Large-scale tropical forest clearing for agriculture most threatens primates. The English name "primates" is derived from Old French or French primat, from a noun use of Latin primat-, from primus; the name was given by Carl Linnaeus. The relationships among the different groups of primates were not understood until recently, so the used terms are somewhat confused. For example, "ape" has been used either as an alternative for "monkey" or for any tailless human-like primate. Sir Wilfrid Le Gros Clark was one of the primatologists who developed the idea of trends in primate evolution and the methodology of arranging the living members of an order into an "ascending series" leading to humans. Used names for groups of primates such as "prosimians", "monkeys", "lesser apes", "great apes" reflect this methodology. According to our current understanding of the evolutionary history of the primates, several of these groups are paraphyletic: a paraphyletic group is one which does not include all the descendants of the group's common ancestor.
In contrast with Clark's methodology, modern classifications identify only those groupings that are monophyletic. The cladogram below shows one possible classification sequence of the living primates: groups that use common names are shown on the right. All groups with scientific names are monophyletic, the sequence of scientific classification reflects the evolution
Government of the United Kingdom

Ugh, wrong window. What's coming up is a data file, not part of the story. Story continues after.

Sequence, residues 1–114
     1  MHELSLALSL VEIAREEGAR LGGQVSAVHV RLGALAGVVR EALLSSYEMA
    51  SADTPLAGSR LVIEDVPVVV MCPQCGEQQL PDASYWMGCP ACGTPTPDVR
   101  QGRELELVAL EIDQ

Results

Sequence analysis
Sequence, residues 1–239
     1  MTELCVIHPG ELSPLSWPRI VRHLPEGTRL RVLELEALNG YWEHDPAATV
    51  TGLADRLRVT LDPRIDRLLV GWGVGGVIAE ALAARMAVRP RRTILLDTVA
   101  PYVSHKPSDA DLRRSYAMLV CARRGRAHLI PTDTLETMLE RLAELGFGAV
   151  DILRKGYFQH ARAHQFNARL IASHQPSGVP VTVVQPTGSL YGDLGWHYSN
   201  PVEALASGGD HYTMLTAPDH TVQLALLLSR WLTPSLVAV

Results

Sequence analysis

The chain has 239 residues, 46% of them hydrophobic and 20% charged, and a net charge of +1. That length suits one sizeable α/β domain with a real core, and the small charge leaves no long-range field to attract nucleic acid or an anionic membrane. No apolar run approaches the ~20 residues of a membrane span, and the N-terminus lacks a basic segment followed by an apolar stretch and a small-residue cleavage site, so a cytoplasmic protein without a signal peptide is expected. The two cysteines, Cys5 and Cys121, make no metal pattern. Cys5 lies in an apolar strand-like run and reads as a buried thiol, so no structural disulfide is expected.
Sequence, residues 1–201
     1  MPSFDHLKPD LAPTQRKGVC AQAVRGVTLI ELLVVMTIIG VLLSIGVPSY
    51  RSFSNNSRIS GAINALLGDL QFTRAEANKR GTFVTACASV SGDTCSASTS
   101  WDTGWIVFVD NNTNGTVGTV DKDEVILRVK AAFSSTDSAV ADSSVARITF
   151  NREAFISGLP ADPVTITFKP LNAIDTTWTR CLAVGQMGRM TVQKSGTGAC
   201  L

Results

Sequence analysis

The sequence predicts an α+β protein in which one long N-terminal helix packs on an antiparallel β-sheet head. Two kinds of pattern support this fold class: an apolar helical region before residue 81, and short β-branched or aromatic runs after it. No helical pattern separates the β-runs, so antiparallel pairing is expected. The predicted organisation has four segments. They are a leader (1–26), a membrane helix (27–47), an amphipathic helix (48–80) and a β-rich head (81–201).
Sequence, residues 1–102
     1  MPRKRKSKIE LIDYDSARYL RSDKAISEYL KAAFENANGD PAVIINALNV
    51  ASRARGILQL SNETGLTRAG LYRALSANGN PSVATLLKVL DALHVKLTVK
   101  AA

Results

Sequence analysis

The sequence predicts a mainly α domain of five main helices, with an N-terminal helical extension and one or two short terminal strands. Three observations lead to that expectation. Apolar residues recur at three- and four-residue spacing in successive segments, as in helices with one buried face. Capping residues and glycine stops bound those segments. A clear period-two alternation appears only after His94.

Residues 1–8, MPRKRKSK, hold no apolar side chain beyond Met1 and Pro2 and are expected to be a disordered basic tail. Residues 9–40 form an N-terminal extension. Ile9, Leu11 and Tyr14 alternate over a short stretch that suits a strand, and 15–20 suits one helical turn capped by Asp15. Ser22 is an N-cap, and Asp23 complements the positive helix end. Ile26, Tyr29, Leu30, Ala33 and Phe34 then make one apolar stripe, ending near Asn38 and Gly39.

The Government of the United Kingdom, formally referred to as Her Majesty's Government, is the central government of the United Kingdom of Great Britain and Northern Ireland. It is commonly referred to as the UK Government or the British Government; the government is led by the Prime Minister. The prime minister and the other most senior ministers belong to the supreme decision-making committee, known as the Cabinet; the government ministers all sit in Parliament, are accountable to it. The government is dependent on Parliament to make primary legislation, since the Fixed-terms Parliaments Act 2011, general elections are held every five years to elect a new House of Commons, unless there is a successful vote of no confidence in the government or a two-thirds vote for a snap election in the House of Commons, in which case an election may be held sooner. After an election, the monarch selects as prime minister the leader of the party most to command the confidence of the House of Commons by possessing a majority of MPs.